So - the details you need: Drivers will walk out beginning at 9pm tonight - make sure you're where you need to be... Read more...
12th Nov 2012 1:12pm | By Editor
I’m zipping past rows of emerald green and mustard-coloured crops, huge crescent-horned buffalo and women in red and green saris.
The hot Nepalese sun is beating down on my back as I cycle up the steep paths of the Kathmandu Valley, and new, knockout views appear around each bend.
The mountainous route west from Kathmandu, the capital of Nepal, to Pokhara, the country’s second-largest city, isn’t a smooth one. I’m on a mettle-testing, 400km cycle ride that will involve me bouncing over bullock cart tracks, sliding over sandy gravel, gliding through tiny rural villages and pounding up steep, winding mountain roads – all the time trying to avoid collisions with cows, villagers, smoke-belching trucks and all sorts of other traffic on these chaotic roads.
I’ve chosen to join this 15-day group bike ride in the hope of avoiding the done-to-death trekking routes and seeing a more off the beaten track side to Nepal. At least, that was the noble plan, but now my thighs, heart and lungs are on fire with the strain of pedalling uphill and I’m starting to wonder if my shell-shocked body is actually going to be up to this epic journey.
My trip to Nepal starts off much more gently, when we take a minibus ride from our hostel to the 12th-century Nepali city of Bhaktapur, just east of Kathmandu. The Unesco World Heritage Site used to be the capital of Nepal, and its dusty streets and ancient temples give the impression that not much of it has changed since then. Our guides, Mangal Lama and Ajay Pandit Chhetri, lead my tour group on a stroll through winding alleys, taking in the intricate Newari woodwork over door frames and windows, Shiva temples and the famous Durbar Square, with its five-tiered Nyatapola temple – one of the tallest in Kathmandu Valley. Five pairs of stone-carved figures flank the stairs that lead up to the temple: wrestlers, elephants, lions, griffins, and Baghini and Singhini, who are tiger- and lion-headed Buddhist demi-gods. Each couple is supposed to be 10 times stronger than the ones immediately below. I take endless snapshots of them, as well as the Tibetan scroll painters in the side streets who daub bright, intricate images of Buddhist deities onto silk canvases.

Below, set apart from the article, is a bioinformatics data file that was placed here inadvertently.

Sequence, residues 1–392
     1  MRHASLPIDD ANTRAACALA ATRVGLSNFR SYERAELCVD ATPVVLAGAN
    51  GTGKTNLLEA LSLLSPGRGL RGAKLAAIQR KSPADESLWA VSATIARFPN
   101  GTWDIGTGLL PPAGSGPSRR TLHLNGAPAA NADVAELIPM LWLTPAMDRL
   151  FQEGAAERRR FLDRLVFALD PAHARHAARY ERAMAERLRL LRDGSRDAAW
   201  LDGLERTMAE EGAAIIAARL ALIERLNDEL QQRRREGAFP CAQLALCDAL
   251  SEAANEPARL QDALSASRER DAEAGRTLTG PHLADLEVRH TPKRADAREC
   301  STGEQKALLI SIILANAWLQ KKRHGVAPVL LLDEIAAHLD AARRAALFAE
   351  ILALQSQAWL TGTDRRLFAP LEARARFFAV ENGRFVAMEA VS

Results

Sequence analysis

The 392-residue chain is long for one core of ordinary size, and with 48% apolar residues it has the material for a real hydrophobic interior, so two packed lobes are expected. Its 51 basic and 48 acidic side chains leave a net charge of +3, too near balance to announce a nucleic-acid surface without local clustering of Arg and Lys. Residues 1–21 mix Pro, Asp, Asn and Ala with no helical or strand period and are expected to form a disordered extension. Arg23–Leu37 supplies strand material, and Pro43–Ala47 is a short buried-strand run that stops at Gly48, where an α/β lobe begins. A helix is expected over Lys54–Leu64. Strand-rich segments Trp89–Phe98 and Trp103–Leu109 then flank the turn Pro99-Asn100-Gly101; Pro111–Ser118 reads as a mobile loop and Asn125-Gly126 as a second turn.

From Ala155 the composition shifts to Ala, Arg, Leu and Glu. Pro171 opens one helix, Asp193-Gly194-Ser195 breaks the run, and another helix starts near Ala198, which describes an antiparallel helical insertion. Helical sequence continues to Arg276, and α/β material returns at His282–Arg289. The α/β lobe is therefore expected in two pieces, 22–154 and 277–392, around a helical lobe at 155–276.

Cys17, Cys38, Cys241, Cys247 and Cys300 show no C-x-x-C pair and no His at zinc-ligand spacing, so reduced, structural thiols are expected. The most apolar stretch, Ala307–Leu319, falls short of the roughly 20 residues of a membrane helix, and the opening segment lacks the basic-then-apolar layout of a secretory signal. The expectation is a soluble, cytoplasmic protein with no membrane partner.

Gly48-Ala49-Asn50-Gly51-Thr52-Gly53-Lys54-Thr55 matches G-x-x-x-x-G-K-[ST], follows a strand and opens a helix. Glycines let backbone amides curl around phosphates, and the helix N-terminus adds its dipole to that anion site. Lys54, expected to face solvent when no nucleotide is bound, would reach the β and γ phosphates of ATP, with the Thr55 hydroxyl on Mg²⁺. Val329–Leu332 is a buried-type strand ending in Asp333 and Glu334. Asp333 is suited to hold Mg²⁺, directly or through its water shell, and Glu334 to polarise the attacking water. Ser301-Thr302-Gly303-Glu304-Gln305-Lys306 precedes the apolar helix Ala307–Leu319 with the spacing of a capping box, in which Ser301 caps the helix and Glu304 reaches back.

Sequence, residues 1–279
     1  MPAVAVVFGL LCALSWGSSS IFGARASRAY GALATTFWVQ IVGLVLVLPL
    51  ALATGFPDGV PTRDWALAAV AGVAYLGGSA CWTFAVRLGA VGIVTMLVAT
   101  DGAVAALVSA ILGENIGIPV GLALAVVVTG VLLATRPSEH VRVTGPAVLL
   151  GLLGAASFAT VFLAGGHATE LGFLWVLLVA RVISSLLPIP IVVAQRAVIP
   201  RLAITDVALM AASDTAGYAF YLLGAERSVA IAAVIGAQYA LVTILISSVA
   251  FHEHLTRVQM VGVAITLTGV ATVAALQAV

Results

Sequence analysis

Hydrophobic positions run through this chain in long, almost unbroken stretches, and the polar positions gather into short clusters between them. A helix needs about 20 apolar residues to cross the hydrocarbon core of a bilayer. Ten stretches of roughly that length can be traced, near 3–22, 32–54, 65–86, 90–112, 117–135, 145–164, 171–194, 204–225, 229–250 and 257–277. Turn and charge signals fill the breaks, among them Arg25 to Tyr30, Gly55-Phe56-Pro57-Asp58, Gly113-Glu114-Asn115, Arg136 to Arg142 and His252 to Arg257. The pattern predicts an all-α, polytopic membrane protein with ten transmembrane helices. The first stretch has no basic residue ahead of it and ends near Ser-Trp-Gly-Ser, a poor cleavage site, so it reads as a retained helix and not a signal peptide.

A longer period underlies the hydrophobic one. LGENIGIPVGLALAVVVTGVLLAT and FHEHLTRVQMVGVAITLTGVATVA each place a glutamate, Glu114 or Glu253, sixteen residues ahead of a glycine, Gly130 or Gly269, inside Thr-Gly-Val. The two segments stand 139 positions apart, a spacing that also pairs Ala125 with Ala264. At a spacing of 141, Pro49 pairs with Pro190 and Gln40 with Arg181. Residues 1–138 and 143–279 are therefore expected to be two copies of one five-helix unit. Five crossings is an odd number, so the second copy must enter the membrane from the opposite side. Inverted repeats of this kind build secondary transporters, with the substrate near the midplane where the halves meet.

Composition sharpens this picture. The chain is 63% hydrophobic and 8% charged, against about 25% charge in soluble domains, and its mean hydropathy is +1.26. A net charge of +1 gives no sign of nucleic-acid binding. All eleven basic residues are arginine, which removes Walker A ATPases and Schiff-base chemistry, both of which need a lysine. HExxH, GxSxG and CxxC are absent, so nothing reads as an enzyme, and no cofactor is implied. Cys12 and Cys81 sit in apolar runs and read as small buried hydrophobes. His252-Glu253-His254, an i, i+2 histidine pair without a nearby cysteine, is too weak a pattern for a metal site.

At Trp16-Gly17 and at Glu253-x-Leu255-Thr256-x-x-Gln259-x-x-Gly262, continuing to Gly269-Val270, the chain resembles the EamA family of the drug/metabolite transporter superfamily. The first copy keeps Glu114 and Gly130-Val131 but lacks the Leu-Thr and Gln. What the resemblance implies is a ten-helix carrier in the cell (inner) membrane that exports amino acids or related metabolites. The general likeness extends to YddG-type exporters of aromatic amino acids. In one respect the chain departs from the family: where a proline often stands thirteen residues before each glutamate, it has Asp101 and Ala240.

When our sightseeing is done, the 10 other cyclists and I hop on our bikes to embark on the real reason we’re here – the cycle ride itself. We leave the city behind and make our way into the hills, taking on paths slippery with scree, rocks and dust. The intensity of riding across such tricky terrain and up steep slopes takes me completely by surprise, and so I pant, gasp and slip to the back of the group. After around an hour I’m seriously struggling and eventually have to grind to a halt.
With my shirt stuck to my back, I down half a litre of water and try to catch my breath. Ajay, who is 5ft-nothing, waits patiently behind me, spinning the pedals like a pro, clearly without the slightest need for a break.
I remember what one of his co-workers had told me earlier: “Don’t be deceived by his size, Ajay is Nepal’s number-one national mountain bike champion.” This was no exaggeration, as I find this tiny, lean, mean, cycling machine has won Yak Attack, one of the world’s top five toughest bike challenges, no less than three times. This gruelling 10-day stage race takes mountain bikers over mud, rock, sand and snow, through the Himalayan foothills, the Annapurna mountain range and over the Thorong La Pass. The temperature range is extreme, from -20°C to scorching mid-thirties. Needless to say, Ajay’s in tremendously good shape, and it shows. As I wobble off again, he politely asks if I need help. I wheeze out a “yes” and Ajay, still cycling himself, gently pushes me from behind until I have the momentum to carry on solo, spurred on in part by sheer embarrassment.
Nope - neither have we but it exists, it even declared war on Australia in 1977 and is located just 500km north of... Read more...